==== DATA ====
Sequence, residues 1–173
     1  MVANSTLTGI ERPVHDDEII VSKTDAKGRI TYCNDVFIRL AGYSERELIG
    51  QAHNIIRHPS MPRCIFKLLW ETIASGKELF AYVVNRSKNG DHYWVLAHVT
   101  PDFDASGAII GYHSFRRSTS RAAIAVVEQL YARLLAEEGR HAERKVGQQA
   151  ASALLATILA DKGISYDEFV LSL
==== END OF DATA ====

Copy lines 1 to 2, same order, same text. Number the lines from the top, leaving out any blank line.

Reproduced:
Sequence, residues 1–173
     1  MVANSTLTGI ERPVHDDEII VSKTDAKGRI TYCNDVFIRL AGYSERELIG